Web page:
I can’t imagine that Daddy was happy with the composition of this picture. After all, in 1950, this just wasn’t how most people holding a twin reflex camera tried to capture a scene.
However, I am captivated by it.
These soldiers were very young. My dad was only 22. He had never traveled more than 6 hours away from his home in the foothills of the Appalachian Mountains. I can only imagine how he felt being on a ship headed for Germany.
Unfortunately, Daddy died in 1999. He died before I had these photographs in my possession. He died before I could take each one of these photos and ask him to tell me the story behind it.
This photograph has always caused me to stop and think about our country and about the men and women who have served in our military in order to provide the opportunity to celebrate our freedom. Today is that day of celebration.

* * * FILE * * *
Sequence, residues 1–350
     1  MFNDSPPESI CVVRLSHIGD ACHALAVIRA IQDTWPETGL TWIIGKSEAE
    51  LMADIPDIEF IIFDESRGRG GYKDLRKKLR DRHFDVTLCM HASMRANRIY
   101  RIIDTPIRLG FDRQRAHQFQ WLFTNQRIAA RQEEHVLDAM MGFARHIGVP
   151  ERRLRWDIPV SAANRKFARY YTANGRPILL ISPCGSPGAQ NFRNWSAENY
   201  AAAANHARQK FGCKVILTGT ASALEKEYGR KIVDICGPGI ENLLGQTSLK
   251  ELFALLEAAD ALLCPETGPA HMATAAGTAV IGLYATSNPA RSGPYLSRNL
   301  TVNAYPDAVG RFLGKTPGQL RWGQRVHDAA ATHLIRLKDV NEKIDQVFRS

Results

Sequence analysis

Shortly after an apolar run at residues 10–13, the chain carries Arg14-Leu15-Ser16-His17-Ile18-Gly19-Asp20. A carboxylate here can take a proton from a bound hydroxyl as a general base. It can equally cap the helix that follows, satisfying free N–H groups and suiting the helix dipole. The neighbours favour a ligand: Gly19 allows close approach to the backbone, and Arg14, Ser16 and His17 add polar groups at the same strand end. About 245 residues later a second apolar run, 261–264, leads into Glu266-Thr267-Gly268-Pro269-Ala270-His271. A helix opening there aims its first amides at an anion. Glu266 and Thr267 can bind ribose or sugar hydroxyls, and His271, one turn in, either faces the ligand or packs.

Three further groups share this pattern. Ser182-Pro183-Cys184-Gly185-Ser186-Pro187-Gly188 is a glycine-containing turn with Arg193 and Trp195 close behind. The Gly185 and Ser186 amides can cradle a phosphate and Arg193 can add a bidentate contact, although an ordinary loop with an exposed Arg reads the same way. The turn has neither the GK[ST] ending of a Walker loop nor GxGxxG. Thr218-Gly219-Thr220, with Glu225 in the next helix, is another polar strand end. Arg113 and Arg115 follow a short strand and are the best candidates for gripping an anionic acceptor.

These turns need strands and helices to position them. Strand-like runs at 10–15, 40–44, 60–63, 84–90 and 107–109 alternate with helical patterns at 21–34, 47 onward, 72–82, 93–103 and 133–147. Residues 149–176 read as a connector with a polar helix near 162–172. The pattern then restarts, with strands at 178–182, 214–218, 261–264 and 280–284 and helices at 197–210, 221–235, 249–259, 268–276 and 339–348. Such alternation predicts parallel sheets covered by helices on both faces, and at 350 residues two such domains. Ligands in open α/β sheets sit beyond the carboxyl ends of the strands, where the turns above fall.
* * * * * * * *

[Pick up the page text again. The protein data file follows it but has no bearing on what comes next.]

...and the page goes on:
This day, the fourth of July, Independence Day, has always been exciting for me. I’ve always loved parades. The marching bands. Red, white, and blue. Flags proudly flying. Fireworks. Watermelon. Blackberry cobbler. Barbecue (In the South “barbecue” is a noun, not the verb you hear in other parts of the country. Barbecue is something we Southerners eat – not something we do. Just sayin’).
I may or not be the woman you see along the parade route, wiping her eyes as the parade participants pass by. I may or may not be a mama who encourages her family to get close enough to the fireworks that cinder fallout is an added excitement factor. I may or may not be the woman who is eating loads of watermelon, with ahuge barbecue sandwich, potato chips and baked beans on a paper plate alongside all my family. I probably have in my possession more than a few sparklers, some fresh cans of bug spray, lawn chairs and a blanket just in case it cools off after it gets dark. (if only we could be so lucky)
I love this day. I love this country. I love my daddy. And I love his photograph.
I may or may not be wiping a few tears right about now.
|copyright 2016 ElizaDHill|